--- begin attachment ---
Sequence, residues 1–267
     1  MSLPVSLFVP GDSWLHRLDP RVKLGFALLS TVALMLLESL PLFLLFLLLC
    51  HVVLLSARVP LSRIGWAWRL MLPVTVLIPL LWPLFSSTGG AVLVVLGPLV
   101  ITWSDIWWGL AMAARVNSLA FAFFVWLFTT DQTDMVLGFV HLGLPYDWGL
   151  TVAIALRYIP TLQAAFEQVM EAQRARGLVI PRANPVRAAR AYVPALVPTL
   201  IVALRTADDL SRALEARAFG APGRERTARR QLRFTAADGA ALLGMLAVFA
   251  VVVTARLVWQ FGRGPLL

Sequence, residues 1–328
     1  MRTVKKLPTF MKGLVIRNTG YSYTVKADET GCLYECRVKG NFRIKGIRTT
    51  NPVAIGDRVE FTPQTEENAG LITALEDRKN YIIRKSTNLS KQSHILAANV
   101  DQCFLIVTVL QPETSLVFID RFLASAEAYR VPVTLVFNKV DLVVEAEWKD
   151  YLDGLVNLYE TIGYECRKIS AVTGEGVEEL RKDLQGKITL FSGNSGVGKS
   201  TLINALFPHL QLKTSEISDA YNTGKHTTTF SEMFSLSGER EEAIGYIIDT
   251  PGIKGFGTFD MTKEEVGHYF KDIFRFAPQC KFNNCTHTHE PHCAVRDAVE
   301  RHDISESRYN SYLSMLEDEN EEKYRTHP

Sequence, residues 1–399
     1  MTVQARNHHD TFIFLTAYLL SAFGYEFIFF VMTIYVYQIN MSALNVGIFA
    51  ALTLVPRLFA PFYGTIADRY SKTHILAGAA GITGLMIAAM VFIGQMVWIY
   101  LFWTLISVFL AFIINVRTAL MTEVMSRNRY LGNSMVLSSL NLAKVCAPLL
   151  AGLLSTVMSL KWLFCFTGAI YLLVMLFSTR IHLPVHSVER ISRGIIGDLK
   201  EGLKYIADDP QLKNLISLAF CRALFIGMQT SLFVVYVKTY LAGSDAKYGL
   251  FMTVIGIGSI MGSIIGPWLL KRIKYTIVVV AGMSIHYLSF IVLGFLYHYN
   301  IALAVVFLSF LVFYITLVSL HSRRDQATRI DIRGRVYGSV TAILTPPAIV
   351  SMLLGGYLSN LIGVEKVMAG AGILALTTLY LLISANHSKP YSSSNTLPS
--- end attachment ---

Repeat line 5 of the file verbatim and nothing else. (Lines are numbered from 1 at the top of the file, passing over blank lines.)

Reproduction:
   151  TVAIALRYIP TLQAAFEQVM EAQRARGLVI PRANPVRAAR AYVPALVPTL